The GIF above is more like the typical Chirinos heat. He has a sub 50% zone rate with the pitch, failing to spot it as he pleases, leading to a .333 BAA and 90.5% Z-Contact rate across its 265 pitches this year.

Nevertheless, given its ability to limit the longball, it’s a good enough pitch to set the table for secondary pitches to get the job done, especially if he has the confidence to throw one of them often for a strike.

Slider

Guess what. Chirinos throws his slider confidently for a strike:

Yonny Chirinos’ Slider
Usage % O-Swing % Zone % Whiff % BAA BABIP ISO pVal
Slider 21.8% 36.7% 52.9% 15.4% .273 .353 .182 0.1

Having the ability to pitch backward is a valuable asset and even though he features his slider piece under 25% of the time, Chirinos bumps up its usage above 35% across all counts against right-handers.

I’m not kidding. All counts:

He abandons the pitch completely against left-handers, but we’ll get to that in a moment. For now, here’s what the pitch looks like:

This is good. Very good. Still inside the zone, yet it induced a whiff as it was located perfectly on the low-outside corner. It’s rare to see a pitch featured over 50% of the time for a strike yet feature a 15%+ whiff rate, but that’s what we’re dealing with from Chirinos. And let’s not forget that 36.7% O-Swing either:

Wait a second, that’s to a left-hander! And a full-count! And perfectly placed in the blind spot!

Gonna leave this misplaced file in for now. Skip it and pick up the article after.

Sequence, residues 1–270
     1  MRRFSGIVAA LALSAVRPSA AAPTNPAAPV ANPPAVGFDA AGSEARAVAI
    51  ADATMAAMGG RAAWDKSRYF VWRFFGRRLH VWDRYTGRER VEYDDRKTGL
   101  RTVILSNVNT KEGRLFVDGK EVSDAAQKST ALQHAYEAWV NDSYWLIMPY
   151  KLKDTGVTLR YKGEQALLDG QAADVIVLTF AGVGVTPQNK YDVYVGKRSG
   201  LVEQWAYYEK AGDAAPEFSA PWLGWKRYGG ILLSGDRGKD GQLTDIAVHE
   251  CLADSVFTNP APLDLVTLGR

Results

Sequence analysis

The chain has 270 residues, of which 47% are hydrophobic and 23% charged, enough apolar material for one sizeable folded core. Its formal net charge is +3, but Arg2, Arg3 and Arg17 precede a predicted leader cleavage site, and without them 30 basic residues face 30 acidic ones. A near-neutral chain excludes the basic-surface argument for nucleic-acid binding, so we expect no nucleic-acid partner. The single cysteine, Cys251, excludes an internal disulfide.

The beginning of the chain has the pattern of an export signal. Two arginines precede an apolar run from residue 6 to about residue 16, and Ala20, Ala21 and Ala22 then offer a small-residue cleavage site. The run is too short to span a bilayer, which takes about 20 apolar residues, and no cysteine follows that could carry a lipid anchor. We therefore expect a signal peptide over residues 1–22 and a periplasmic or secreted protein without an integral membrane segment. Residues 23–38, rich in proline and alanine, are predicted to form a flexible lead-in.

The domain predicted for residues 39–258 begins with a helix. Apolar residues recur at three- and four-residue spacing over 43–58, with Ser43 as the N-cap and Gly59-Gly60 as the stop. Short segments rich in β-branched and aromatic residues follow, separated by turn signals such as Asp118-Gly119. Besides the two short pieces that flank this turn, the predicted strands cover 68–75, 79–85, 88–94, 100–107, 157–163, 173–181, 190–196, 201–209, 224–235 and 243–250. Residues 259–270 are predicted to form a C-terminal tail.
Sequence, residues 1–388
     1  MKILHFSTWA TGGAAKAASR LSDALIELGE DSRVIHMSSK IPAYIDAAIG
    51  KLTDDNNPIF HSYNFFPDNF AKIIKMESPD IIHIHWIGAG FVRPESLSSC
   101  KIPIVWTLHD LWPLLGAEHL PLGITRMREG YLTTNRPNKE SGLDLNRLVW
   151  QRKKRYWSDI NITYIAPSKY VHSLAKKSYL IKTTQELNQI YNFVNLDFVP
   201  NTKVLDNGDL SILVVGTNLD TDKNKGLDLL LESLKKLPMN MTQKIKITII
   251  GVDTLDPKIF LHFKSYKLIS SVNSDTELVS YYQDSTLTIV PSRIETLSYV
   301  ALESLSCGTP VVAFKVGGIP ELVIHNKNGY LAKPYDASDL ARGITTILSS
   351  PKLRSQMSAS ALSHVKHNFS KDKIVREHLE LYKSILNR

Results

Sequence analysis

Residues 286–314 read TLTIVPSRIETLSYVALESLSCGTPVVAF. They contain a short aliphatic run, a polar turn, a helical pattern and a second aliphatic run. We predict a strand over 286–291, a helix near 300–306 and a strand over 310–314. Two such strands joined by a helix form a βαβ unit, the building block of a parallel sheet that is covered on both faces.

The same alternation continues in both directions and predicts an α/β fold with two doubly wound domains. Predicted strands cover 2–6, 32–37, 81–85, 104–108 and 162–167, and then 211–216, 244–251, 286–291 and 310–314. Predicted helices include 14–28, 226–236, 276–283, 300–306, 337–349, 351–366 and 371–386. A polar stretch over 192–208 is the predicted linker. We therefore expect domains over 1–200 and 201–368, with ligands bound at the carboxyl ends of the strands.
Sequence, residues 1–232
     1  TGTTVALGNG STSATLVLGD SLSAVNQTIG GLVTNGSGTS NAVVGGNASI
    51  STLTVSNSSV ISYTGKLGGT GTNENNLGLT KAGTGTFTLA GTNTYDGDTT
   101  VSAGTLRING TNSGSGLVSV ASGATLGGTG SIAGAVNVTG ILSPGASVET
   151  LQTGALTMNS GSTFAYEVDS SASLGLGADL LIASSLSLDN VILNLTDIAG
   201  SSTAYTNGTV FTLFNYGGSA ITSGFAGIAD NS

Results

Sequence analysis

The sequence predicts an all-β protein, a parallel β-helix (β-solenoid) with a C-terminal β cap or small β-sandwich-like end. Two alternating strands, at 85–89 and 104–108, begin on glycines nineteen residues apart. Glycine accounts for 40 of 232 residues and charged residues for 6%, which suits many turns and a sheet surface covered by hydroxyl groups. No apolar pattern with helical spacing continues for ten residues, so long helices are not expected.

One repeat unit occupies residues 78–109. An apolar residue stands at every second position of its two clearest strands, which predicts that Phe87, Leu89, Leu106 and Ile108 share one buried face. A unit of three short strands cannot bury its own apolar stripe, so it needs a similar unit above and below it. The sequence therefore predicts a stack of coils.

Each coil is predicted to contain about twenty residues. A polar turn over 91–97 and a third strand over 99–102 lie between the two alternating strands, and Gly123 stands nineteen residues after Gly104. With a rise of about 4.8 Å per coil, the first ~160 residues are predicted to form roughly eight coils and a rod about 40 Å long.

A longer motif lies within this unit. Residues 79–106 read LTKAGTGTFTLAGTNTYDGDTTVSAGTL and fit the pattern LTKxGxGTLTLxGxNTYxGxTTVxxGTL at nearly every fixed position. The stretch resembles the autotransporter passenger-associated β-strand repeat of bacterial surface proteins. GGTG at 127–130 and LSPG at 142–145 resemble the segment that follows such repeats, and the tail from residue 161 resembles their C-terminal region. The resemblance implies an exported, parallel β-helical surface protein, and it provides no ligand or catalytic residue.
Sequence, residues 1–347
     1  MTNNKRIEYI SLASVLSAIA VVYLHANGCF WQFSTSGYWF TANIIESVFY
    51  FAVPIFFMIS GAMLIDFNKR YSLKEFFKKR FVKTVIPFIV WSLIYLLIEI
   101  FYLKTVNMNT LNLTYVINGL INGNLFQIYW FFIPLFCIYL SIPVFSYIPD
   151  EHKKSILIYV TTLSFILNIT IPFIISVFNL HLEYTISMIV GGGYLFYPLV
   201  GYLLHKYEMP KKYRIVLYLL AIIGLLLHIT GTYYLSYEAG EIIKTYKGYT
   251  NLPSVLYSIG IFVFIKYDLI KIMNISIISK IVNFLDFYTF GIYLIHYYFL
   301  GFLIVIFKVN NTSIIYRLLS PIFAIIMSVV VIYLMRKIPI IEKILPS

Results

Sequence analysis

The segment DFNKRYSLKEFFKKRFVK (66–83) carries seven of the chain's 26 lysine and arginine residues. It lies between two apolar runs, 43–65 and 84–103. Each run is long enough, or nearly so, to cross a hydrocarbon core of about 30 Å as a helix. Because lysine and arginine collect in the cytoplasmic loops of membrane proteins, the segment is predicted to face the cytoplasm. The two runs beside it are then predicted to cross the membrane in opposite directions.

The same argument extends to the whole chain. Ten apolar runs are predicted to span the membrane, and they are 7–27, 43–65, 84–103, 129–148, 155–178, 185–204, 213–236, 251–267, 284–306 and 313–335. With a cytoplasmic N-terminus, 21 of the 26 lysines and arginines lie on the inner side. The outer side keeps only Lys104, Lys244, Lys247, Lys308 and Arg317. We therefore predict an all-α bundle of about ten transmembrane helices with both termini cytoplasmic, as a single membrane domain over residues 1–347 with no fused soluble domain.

I was a bit excited to see Chirinos boldly go for this pitch and execute it perfectly for a huge first out in a jam. I’m not sure we’re going to see it often, but considering this was the penultimate pitch of his evening, it might carry over into future outings.

In the end, there are still some issues with the pitch – its .353 BABIP and .182 ISO are products of some inconsistencies over the plate – but overall I see a pitch with good action that should continue to be a staple of Chirinos’ gameplan. There’s upside to act as a strikeout offering, but mostly its a solid complement to his sinker as it can get strikes often without allowing too much damage.

Splitter

That brings us to the fun stuff. The pitch that makes Chirinos a possible option to feast on weak lineups. I’ll stop talking and simply show you his fantastic putaway pitch:

And here are its numbers for the season:

Yonny Chirinos’ Splitter
Usage % O-Swing % Zone % Whiff % BAA BABIP ISO pVal